The studio date opens with Farrell's Middle Eastern-leaning cooker, "Arab Arab," which shows, clearly and decisively, that Hayes has not yielded any leverage to Father Time and has chosen his teammates with care; Hayes, Douglas and pianist David Hazeltine comprise a stalwart rhythm section, and there are nimble solos by Nelson, Hazeltine and tenor saxophonist Abraham Burton. Hutcherson's genial "Roses Poses" is next, offering more of the same at a slightly slower tempo, before vocalist Camille Thurman joins the group for a tender reading of "I'm Afraid the Masquerade Is Over" (she returns on the standard "Where Are You?"). Perhaps in deference to Frank Sinatra's heart-rending version of "Where Are You?," the lament is taken at an accelerated tempo that does it no favors (scatting gaily when lamenting a lost and perhaps irretrievable love seems rather inappropriate). Morgan's less-than-dreamlike "Desert Moonlight" precedes that number, while Hayes' lone original, the good-natured "Creeping Crud" (arranged by Anthony Wonsey) follows.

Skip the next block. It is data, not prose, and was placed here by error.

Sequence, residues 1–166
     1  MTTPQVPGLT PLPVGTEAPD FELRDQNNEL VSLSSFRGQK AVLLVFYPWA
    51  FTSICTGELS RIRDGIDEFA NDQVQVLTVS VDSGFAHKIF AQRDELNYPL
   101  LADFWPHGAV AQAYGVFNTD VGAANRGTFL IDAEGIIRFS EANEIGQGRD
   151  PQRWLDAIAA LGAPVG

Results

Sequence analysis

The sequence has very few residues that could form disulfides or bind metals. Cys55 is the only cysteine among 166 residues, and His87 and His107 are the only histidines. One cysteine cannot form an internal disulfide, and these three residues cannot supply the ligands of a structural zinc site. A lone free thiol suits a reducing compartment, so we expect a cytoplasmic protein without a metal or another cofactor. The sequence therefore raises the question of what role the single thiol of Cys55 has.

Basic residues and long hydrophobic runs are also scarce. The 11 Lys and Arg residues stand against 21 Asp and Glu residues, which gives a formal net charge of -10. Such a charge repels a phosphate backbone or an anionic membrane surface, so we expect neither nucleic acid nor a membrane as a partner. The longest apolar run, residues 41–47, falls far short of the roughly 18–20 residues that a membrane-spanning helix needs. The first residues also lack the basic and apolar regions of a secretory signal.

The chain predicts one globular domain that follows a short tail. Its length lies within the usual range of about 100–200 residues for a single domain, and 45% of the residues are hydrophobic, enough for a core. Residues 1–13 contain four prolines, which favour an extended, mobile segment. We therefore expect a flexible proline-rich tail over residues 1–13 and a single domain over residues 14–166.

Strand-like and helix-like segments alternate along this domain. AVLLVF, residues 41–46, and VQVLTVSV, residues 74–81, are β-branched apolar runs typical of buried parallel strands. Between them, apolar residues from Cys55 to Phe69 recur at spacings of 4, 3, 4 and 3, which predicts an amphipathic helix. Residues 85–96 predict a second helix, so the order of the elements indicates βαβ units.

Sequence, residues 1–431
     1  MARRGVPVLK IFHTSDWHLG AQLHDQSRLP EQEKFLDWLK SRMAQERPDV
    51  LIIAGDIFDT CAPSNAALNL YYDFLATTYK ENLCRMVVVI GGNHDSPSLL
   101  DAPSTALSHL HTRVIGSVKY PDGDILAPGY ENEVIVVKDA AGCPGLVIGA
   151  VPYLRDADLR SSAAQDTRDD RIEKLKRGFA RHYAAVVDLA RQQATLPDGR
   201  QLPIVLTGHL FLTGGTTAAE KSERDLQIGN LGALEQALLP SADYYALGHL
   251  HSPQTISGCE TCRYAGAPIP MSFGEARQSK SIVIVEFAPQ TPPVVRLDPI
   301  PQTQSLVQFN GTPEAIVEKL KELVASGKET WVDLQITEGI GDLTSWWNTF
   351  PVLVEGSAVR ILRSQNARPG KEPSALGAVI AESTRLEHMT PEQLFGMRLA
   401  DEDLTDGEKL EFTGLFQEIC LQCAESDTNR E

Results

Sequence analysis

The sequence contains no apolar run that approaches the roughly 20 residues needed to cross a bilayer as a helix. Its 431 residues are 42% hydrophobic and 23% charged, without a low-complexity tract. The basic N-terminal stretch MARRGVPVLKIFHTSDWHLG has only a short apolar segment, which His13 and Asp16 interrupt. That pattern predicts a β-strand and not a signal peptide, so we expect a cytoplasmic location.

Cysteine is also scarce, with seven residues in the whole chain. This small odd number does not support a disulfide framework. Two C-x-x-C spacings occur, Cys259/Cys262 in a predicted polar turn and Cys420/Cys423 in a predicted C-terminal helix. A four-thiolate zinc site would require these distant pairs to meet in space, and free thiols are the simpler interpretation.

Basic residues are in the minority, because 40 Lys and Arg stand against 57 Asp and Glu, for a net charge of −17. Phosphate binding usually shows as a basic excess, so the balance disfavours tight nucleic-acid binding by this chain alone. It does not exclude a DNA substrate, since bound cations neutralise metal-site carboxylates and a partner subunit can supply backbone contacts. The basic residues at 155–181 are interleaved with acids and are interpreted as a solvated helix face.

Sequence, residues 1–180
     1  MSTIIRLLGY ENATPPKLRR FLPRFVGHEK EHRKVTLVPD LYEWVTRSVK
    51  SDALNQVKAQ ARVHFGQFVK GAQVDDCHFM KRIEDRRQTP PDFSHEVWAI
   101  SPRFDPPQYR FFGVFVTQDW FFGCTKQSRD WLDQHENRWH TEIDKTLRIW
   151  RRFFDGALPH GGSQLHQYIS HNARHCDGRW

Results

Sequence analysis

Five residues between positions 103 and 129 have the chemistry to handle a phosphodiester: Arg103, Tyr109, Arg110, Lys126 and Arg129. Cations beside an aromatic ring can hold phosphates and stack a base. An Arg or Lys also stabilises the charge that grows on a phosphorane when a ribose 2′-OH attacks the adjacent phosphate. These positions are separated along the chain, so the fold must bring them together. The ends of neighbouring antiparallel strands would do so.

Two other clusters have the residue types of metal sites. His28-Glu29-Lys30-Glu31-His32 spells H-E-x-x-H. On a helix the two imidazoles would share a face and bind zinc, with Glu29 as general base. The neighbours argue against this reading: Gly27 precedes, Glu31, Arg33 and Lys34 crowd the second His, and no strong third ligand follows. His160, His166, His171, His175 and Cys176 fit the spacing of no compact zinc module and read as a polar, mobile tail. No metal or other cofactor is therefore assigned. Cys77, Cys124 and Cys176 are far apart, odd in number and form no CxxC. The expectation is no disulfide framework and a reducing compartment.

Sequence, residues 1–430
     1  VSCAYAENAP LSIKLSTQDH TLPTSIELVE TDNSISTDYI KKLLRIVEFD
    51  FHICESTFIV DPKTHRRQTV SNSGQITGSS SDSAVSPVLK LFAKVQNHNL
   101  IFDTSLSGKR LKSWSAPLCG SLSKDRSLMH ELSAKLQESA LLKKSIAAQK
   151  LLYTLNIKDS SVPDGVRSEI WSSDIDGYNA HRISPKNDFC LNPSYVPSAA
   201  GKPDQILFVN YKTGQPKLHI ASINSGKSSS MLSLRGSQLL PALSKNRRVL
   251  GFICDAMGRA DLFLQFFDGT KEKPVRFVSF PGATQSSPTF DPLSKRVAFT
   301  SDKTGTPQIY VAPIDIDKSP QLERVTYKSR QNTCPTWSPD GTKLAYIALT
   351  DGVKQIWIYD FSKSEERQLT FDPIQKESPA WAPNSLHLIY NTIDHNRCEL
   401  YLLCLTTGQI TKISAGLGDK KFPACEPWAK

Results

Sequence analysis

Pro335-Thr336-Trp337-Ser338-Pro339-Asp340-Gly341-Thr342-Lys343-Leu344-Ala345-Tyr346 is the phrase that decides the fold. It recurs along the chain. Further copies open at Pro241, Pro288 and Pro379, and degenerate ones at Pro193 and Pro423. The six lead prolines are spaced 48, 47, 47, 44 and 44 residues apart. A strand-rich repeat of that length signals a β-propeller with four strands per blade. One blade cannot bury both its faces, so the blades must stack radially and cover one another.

Nelson wrote the ethereal "Alien Visitation," Hubbard the album's assertive title theme, Douglas the invigorating "Oxygen." The group closes with a high-energy version of "It's Only a Paper Moon," a Harold Arlen/Yip Harburg evergreen popularized in the '40s by Nat King Cole and Ella Fitzgerald. In sum, a very good session in which everyone has more than one chance to assume a leading role, and no-one comes up short, while Hayes shows there is more to longevity than merely hanging around.
Arab Arab; I'm Afraid the Masquerade Is Over; Desert Moonlight; Where Are You?; Creeping Crud; Alien Visitation; Crisis; Oxygen; It's Only a Paper Moon
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